A newly funded study is set to determine whether waiting two minutes to clamp a newborn’s umbilical cord after delivery could improve how well he or she recovers from corrective heart surgery.
Most physicians typically clamp and cut the umbilical cord immediately following delivery. Some physicians advocate for delaying the clamping of the baby’s umbilical cord, thereby increasing the flow of blood from the placenta to the child. The practice of delayed umbilical cord clamping has been shown to improve hematocrit levels, leading to an increased number of oxygen-carrying red blood cells throughout the body.
Hematocrit levels are an important factor during surgery and blood transfusions are often required to replace blood lost during complicated procedures. This is especially true in children with critical congenital heart disease.
“Babies born with critical congenital heart disease often require multiple blood transfusions during corrective heart surgery due to the complexity of the surgery and the babies’ small size,” said Carl Backes, Jr., MD, Neonatology fellow at Nationwide Children’s Hospital. “However, data suggests that surgical outcomes are improved when fewer blood transfusions are performed.”
A $125,000, two-year grant from the American Heart Association will allow Dr. Backes to examine whether delayed umbilical cord clamping could have a positive impact on surgical outcomes.
“We suspect that delayed umbilical cord clamping following delivery will decrease the need for blood transfusions in this at-risk population,” said Dr. Backes. “Given the growing body of evidence suggesting that blood transfusions during or after cardiac surgery is associated with acute and delayed adverse effects, we hope to evaluate the potential role for adding delayed cord clamping to existing blood conservation programs at Nationwide Children’s Hospital.”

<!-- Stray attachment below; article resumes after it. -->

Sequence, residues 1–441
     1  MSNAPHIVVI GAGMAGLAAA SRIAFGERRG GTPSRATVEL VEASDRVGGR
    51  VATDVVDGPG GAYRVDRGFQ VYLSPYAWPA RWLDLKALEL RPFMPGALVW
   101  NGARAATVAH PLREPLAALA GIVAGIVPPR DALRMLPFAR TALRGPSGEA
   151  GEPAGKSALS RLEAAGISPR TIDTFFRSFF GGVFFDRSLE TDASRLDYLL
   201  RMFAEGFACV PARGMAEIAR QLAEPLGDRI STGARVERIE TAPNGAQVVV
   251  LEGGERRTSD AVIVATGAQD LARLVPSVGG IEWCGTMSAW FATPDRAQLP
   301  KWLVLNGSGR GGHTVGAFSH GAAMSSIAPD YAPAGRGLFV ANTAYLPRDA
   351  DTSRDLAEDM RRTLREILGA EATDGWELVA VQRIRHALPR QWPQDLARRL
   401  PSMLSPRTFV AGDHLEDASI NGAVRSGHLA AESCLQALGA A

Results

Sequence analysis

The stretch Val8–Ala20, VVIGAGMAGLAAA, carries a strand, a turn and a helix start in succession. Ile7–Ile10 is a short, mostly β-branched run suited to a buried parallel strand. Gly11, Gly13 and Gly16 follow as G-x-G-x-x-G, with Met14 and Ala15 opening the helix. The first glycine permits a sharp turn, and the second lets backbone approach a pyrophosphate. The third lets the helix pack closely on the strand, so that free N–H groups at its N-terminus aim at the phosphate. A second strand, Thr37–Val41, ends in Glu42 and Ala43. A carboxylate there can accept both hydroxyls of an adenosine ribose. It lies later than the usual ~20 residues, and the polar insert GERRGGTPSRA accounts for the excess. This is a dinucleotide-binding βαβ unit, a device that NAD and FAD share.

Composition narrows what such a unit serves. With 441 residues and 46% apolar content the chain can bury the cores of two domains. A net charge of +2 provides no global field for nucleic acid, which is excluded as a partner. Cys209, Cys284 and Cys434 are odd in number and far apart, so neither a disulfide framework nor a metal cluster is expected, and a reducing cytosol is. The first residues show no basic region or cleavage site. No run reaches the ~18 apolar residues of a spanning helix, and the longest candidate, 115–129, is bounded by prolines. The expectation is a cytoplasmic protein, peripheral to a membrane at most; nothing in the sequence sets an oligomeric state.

When a baby being cared for prenatally at Ohio State University Medical Center (OSUMC) is identified in the womb as having a prenatal heart lesion, Dr. Backes and Nationwide Children’s cardiologist Timothy Hoffman, MD, will determine whether the baby has critical congenital heart disease likely to require surgery within the first month of life. If so, Dr. Backes works collaboratively with obstetricians at OSUMC to coordinate the timing of the umbilical cord clamping. This project serves as the first federally funded research collaboration between The Ohio State University Maternal Fetal Medicine Program, the section of Neonatology and Cardiology and Cardiothoracic Surgery at Nationwide Children’s.
“Hopefully this multidisciplinary pilot study will serve as the basis for future collaborations in both research and clinical arenas,” said Dr. Backes.
Each baby’s umbilical cord will either be clamped right away or the clamping will be delayed for 120 seconds post-delivery. The research team will then monitor the children’s progress for two years, comparing differences between the groups.
“Our group will examine whether potential differences in blood product exposure between the two groups, and most importantly, if those differences are associated with meaningful clinical outcomes,” said Dr. Backes. “We suspect that delayed clamping has additional benefits other than improving hematocrit levels, and we may discover something new about how the body helps heal itself.”